MI is a multifactorial disease significantly associated with certain genetic factors . Many genome association and candidate gene studies have been conducted to identify MI-susceptible genes, discover novel molecular pathways and help susceptible individuals prevent the development of MI , –. To date, several genetic association studies (GAS) have found that SNPs in the LTA gene and the LTA protein are associated with MI onset. LTA is a proinflammatory cytokine with homology to inflammatory cytokine tumor necrosis factor alpha (TNF-α) and is related with the development of atherosclerotic lesions in coronary arteries . Common SNPs of the LTA gene can modify the function of the LTA protein qualitatively and quantitatively, thereby conferring a risk for MI, as shown in Figure 1. Amino-acid substitutions in the LTA gene, such as A-to-C in intron 1, G-to-A in exon 1, and C-to-A in exon 3, may influence the inflammatory biological activities through causing functional mutations in LTA protein, which in turn affect the degree of inflammation and confer a higher susceptibility to MI than normal LTA protein. Based on this fact, several investigations have been conducted to assess the association between common LTA genetic polymorphisms and susceptibility to MI. Previously, Padovani et al. first investigated the association between LTA A252G and susceptibility to MI in a Brazilian population, but failed to find a significant association . Koch et al. conducted a similar study in a Germany population, and again found no significant results . However, in subsequent studies on Asians, both Iwanaga et al. and Ozaki et al. reported strong evidence for the influence of LTA genetic polymorphisms on susceptibility to MI in Japanese populations , . Furthermore, Wang et al. observed a significant effect of LTA A252G and C804A on susceptibility to MI in a Taiwanese population , whereas Kimura et al. did not find any effect in a Korean population . The discrepancy of these studies is partly due to their limited sample sizes and insufficient statistical power to demonstrate significant associations. In addition, these studies included different populations and sampling strategies, making their results difficult to interpret. Thus, in the present study, we performed a meta-analysis to derive a relatively comprehensive assessment of the relationships between the LTA A252G, G10A and C804A polymorphisms and susceptibility to MI.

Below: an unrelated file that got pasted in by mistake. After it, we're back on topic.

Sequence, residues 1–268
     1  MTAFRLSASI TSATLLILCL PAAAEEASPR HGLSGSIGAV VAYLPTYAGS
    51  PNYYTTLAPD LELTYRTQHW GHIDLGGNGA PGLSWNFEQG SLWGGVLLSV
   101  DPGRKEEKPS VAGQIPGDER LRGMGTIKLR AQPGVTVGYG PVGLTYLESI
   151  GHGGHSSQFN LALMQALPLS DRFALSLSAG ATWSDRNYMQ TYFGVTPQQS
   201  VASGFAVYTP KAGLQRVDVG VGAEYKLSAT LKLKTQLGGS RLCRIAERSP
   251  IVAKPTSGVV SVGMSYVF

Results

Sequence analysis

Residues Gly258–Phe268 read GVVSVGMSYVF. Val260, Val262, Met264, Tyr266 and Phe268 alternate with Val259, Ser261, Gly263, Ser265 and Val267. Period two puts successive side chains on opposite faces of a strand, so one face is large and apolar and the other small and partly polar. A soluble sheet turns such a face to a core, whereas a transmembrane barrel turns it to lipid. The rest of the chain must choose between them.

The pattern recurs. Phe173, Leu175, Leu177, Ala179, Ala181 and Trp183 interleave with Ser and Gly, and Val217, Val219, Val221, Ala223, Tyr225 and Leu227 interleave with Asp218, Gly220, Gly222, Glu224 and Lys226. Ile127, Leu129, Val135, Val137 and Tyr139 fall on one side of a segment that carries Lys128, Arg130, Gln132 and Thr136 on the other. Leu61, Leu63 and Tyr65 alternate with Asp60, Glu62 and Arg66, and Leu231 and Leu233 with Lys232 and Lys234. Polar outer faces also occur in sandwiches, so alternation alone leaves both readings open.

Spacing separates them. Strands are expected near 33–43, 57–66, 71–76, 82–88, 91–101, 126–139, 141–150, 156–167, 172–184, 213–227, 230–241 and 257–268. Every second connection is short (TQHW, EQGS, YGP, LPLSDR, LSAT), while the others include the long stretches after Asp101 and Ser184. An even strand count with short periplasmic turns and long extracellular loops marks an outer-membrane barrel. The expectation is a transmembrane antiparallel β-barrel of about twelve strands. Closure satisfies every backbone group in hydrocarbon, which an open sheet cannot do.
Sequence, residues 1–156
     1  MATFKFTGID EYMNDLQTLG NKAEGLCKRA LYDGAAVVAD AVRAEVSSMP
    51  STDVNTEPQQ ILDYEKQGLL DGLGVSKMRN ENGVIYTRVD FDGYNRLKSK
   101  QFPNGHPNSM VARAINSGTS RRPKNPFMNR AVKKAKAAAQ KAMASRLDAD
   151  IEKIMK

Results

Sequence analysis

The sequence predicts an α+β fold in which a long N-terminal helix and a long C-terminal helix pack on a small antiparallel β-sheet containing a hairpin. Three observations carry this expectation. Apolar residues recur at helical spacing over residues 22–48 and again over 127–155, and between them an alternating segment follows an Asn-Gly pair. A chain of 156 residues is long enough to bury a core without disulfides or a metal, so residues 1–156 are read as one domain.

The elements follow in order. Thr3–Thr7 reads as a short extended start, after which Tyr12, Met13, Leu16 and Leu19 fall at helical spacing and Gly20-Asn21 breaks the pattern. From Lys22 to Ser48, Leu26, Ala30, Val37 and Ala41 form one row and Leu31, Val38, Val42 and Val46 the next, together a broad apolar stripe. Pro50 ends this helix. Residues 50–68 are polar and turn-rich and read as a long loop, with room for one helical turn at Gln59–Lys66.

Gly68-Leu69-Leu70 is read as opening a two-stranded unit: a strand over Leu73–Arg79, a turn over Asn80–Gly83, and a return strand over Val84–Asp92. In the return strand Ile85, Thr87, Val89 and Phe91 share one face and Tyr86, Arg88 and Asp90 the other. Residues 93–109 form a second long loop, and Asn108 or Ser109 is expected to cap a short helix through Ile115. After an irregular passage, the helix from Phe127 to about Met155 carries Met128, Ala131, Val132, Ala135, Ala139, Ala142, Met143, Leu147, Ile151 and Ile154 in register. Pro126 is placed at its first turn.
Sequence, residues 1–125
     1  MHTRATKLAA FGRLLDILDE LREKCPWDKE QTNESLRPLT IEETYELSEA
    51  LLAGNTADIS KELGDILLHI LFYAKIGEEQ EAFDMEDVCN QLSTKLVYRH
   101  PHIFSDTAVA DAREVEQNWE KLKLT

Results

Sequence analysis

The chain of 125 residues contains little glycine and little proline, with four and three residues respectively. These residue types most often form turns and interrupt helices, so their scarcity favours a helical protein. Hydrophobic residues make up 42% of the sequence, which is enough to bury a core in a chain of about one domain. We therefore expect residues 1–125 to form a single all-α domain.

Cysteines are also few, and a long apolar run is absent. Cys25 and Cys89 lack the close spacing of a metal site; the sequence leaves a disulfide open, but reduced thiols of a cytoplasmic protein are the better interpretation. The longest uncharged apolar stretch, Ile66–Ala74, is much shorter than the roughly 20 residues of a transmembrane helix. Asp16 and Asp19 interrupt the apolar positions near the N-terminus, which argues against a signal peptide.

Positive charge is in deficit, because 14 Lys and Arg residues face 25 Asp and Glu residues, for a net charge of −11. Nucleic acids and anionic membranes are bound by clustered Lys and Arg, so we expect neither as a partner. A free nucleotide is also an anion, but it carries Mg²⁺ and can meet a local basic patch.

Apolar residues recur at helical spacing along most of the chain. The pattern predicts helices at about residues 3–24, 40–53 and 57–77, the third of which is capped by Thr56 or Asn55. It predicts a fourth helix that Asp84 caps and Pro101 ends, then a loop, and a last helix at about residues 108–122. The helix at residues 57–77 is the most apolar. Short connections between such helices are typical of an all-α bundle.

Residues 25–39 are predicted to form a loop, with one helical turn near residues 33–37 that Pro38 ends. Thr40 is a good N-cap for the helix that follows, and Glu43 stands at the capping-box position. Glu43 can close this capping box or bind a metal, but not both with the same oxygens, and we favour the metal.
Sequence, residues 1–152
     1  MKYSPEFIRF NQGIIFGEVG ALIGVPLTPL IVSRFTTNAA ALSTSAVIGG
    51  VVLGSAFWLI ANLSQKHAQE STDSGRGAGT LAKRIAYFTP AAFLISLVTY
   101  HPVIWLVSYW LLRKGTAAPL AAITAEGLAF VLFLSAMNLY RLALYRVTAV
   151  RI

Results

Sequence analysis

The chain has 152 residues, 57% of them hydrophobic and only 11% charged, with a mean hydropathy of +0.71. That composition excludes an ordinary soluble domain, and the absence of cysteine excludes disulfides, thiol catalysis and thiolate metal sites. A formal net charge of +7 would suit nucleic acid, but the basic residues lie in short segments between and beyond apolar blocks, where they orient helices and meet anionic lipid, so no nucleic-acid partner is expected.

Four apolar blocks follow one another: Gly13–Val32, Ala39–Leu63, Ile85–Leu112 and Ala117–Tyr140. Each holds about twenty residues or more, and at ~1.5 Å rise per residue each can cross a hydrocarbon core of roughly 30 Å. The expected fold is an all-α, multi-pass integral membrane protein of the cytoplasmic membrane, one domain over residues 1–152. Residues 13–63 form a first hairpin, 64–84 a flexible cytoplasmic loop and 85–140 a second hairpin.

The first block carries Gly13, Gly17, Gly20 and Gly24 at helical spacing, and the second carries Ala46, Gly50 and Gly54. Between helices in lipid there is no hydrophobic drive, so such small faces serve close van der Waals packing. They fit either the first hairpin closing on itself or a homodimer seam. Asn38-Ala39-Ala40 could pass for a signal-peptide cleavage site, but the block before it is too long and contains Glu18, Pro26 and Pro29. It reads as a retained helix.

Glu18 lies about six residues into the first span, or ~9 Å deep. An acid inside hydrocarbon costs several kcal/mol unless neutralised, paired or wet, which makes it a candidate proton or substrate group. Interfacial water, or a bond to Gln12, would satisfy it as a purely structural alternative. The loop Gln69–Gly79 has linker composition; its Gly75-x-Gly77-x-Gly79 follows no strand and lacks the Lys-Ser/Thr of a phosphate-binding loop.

Meta-analysis has the advantage of synthesizing data from published GAS to obtain greater statistical power for detecting significant associations than available in an individual GAS, especially in the absence of large heterogeneity between studies . A large number of meta-analyses have been conducted to investigate the association between the LTA gene and various diseases, including gastric cancer , , breast cancer , asthma , sepsis , migraine , and lymphoma . To the best of our knowledge, our study is the first meta-analysis to describe the associations of the LTA genetic polymorphisms with susceptibility to MI. This systematic review provides a more comprehensive summary of the currently available evidence on the associations between the LTA A252G, G10A and C804A polymorphisms and susceptibility to MI. In this meta-analysis, the LTA C804A polymorphisms seem to be associated with an increased susceptibility to MI, whereas LTA A252G and G10A may confer a significant increased susceptibility to MI only in Asians.
Heterogeneity is a major problem when interpreting the results of meta-analyses. As the results of meta-regression shows, ethnicity was an important source of this heterogeneity as individuals of different ethnicities may have diverse genetic backgrounds and environmental factors, and as a result the same polymorphism may play different roles in different populations. Interestingly, our subgroup analysis by ethnicity showed that the LTA genetic polymorphisms played different roles in Asian and Caucasian populations. All these LTA genetic polymorphism had significant increased effects on the risk of MI in Asians, whereas no significant effects were found in Caucasians. These conflicting results may be due to the different genetic backgrounds of these populations, subsequently leading to different genetic susceptibility to the same disease. In addition, the source of controls was another factor that contributed to heterogeneity. The genotype distribution in population-based controls may be similar to normal and thus population-based controls could be more reliable than hospital-based controls. This might partially explain why the results of the stratified analysis by the source of the controls showed differences between the two subgroups for LTA A252G. Thus, further studies with larger sample size using population-based controls are warranted. Moreover, subgroup analysis based on genotyping method showed a significant association between LTA A252G and C804A and susceptibility to MI in the PCR-RFLP subgroup, whereas no significant association was found in the non-PCR-RFLP subgroups. This result may be due to the overlapping effect of ethnicity, since the significant association was also observed in Asians and most included studies on Asian subjects used the PCR-RFLP genotyping method. In addition, this association may also be due to chance especially for C804A, for which only three studies were involved in the PCR-RFLP subgroups. Hence, further investigations are also warranted to assess the effect of different genotyping methods on the significance of the association between LTA genetic polymorphisms and susceptibility to MI.